Supreme Court wrestles with corruption law

Supreme Court wrestles with corruption law
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The Supreme Court is weighing a thorny issue that often bedevils lawmakers on Capitol Hill: how to define corruption.

In reviewing the conviction of former Va. Gov. Bob McDonnell (R), the justices are delving into the broader question of where the ethical lines should be drawn for public officials.


After oral arguments on Wednesday, it appeared the justices might toss out McDonnell’s conviction and set new limits on bribery laws to differentiate a routine duty done on behalf of a business benefactor from government actions persuaded by money and/or gifts.

The justices expressed concern about how far federal prosecutors could go if McDonnell’s conviction were upheld. There’s ambiguity in the law, they suggested. Is sharing a bottle of wine corrupt? How about fishing with a businessman?

“If a senator writes to a federal agency and says, this union or this company is, you know, critical to the economy of my state, and, by the way — he doesn't say this, but, by the way, they are the biggest contributors to his campaign — would you please meet with them? What would not make that a crime?” Justice Samuel Alito asked.

Many lawmakers, while not addressing the accusations against McDonnell, agree that the ethical lines for public officials can be fuzzy.

Unless he’s on a trip, Rep. Trent FranksHarold (Trent) Trent FranksArizona New Members 2019 Cook shifts 8 House races toward Dems Freedom Caucus members see openings in leadership MORE (R-Ariz.) told The Hill he’s reluctant to even reimburse himself for gas.

“I take my own truck and just pay for it and in that alone there are questions,” he said. “They say, well, are you contributing to your own campaign? So you’re kind of danged if you do, danged if you don’t, but many times I don’t reimburse myself if there’s any way I can say well, this was partly for personal, too.” 

Franks said lawmakers are keenly aware that one wrong move can make them the target of ethics investigations.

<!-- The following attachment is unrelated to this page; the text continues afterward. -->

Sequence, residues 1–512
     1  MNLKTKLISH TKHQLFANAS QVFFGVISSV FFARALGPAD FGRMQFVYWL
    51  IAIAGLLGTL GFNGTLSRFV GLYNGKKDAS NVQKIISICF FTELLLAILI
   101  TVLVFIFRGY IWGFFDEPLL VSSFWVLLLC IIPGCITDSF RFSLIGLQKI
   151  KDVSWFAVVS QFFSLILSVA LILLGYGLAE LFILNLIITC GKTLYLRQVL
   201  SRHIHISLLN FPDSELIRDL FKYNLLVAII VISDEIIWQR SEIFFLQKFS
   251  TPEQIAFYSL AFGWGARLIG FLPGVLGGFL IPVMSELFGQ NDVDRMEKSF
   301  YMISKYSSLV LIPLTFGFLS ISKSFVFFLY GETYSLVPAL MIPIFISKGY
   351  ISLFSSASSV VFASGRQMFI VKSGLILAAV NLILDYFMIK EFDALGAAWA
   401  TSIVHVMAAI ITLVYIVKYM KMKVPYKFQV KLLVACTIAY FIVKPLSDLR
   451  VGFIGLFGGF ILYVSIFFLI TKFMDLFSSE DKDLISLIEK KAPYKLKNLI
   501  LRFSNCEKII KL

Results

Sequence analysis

“That’s one of the greatest injustices to be accused of something or successfully prosecuted for something when you honestly did not know where the line was,” Franks said. “That’s something all of us are concerned about.”

Solomon Wisenberg, a defense attorney who specialized in white-collar crimes, said interactions between donors and politicians are part of the political system. 

“It’s very common and literally happens every single day, dozens of times,” he said. “What donors want is access and an ear. Under the facts of this case there is not much evidence that McDonnell gave anything more than that.” 

The former Republican governor and his wife, Maureen, were convicted on 11 counts of fraud for having accepted more than $175,000 in gifts and loans from Jonnie Williams Sr., an executive at the dietary supplement company Star Scientific. The gifts included $15,000 for their daughter’s wedding reception, the use of William’s Ferrari and a Rolex watch.

“What this comes down to is you have to make laws unequivocal and understandable, especially a law that you can put someone in jail over,” said Stephen Klein, an attorney at the Pillar of Law Institute, a nonprofit interest firm that’s focused on protecting citizens’ free speech from regulatory overreach.  

“I certainly understand in a general sense why people think what Bob McDonnell did is corrupt, but that doesn’t excuse vague law.”

Sen. Orrin HatchOrrin Grant HatchKey Republicans say Biden can break Washington gridlock Trump awards Medal of Freedom to racing industry icon Roger Penske Trump holds more Medal of Freedom ceremonies than predecessors but awards fewer medals MORE (R-Utah) said the Supreme Court should overturn McDonnell’s conviction.

“Frankly I hope the court establishes once and for all that politics are politics and you better stay out of them and quit trying to make them what they shouldn’t be.” he said.

Hatch disagreed with the notion that corruption laws are too vague, and saidsenators are told very clearly what they can and can’t do. 

Sen. Richard Blumenthal (D-Conn.), a former federal U.S. attorney, said bribery cases are difficult to prove even when the prosecutor knows the defendant is guilty. Still, that’s going to be true no matter what the language in the statute is, he said.

“There’s always room for improvement in laws, but I think they are pretty clear in forbidding certain lines of payments for benefits to a public official,” he said. “I would say they perhaps should be clarified, but not on the basis of one case.”